Data gaps across food, agriculture and nutrition pose a challenge to achieving Sustainable Development Goal 2 (SDG2) by 2030. Simply put, we cannot achieve what we do not measure- whether that’s tracking weather patterns to protect crop yields, identifying what people eat and who has been left behind. A few initiatives are working to fill this data gap by encouraging data collection but more needs to be done if we are to measure progress against and eventually achieve SDG2.
One of the challenges facing SDG2 is a lack of data. Across the food, agriculture and nutrition sectors, there are gaps in data that limit our understanding and thus ability to design interventions or craft policy decisions to build a sustainable food future. In agriculture, $239B is invested each year in low and middle-income countries without good and recent data (1). The data gaps in agriculture are widespread, affecting 800 million, or 78% of the world’s poorest. (2)
Greater data collection is also required to better understand the global problem of nutrition, diagnosing its root causes, designing interventions and tracking progress to end all forms of malnutrition. However,only 74 of 193 countries have sufficient data on which to make a meaningful assessment of progress on five global maternal and child nutrition targets (3).Identified as a key barrier to improving nutrition, the 2017 Global Nutrition Report calls for better information to identify who is being left behind.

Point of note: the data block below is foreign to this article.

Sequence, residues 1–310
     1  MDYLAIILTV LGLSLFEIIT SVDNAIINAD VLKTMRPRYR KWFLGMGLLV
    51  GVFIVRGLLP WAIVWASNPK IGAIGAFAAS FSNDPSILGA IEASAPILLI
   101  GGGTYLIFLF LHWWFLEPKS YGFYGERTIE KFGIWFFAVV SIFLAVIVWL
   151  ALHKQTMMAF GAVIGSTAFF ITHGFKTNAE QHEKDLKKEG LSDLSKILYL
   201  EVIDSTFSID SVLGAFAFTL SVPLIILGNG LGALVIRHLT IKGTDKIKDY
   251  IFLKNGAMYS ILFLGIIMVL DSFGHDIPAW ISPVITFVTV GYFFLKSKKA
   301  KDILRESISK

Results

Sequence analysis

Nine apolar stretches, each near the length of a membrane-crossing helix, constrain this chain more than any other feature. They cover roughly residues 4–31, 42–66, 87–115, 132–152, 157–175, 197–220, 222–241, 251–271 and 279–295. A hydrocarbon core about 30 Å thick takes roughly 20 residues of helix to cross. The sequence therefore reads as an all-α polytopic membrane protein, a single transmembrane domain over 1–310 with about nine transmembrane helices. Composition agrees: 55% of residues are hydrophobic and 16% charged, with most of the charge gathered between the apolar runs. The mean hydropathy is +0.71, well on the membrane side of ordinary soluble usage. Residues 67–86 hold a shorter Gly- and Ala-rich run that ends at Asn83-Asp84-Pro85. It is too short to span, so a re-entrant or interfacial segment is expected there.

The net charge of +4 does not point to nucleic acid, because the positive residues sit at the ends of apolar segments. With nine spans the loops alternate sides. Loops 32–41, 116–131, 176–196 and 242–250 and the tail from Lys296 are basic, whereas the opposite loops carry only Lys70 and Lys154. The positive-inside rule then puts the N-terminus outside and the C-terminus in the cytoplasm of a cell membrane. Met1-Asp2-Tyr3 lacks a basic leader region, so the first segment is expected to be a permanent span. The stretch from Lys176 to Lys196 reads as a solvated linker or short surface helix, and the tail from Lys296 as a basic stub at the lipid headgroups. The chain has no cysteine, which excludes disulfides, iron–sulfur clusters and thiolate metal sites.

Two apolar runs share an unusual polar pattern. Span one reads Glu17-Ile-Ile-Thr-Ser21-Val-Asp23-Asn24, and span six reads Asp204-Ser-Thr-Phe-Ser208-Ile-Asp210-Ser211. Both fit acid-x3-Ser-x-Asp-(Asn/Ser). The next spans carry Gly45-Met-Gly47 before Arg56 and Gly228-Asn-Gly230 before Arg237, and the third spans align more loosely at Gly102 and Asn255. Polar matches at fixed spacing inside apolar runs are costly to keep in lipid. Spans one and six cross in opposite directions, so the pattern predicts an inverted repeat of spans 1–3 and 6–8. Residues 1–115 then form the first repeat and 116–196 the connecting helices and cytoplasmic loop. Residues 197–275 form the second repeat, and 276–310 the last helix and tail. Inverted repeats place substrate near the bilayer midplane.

Data solutions for SDG2 progress
Better collection and utilisation of data can help us to better feed the world. Providing farmers with weather or market updates, data can help farmers to predict when to plant and harvest their crops as well as secure a fair price for their produce. One way to achieve this is to encourage data collection at an individual level with innovative strategies. The Fishcoin Network is one such example.
The Fishcoin Network creates a data ecosystem for the seafood industry by leveraging blockchain to incentivise data capture and sharing at all stages of seafood supply chains. By encouraging fishers and stakeholders in seafood supply chains to gather data, the stories behind the seafood in our shops and on our plates are known to governments and consumers. Seafood not only becomes traceable but, with this data, the seafood industry as a whole can work more sustainably to better protect the ocean’s biodiversity and reduce food waste. With 90% of fish species on the verge of collapse but half of all fish caught going to waste, the seafood industry must better collect data for a sustainable future (4).
The Fishcoin model is one way of leveraging technology to enable incentives for data sharing that can help to improve sustainability, reduce waste and support the livelihoods of sourcing communities. Seafood is just the start. Eachmile technologies, a company looking to transform global seafood and agricultural supply chains, and the SDG2 Advocacy Hub plans to apply the Fishcoin model to other commodities and their respective supply chains.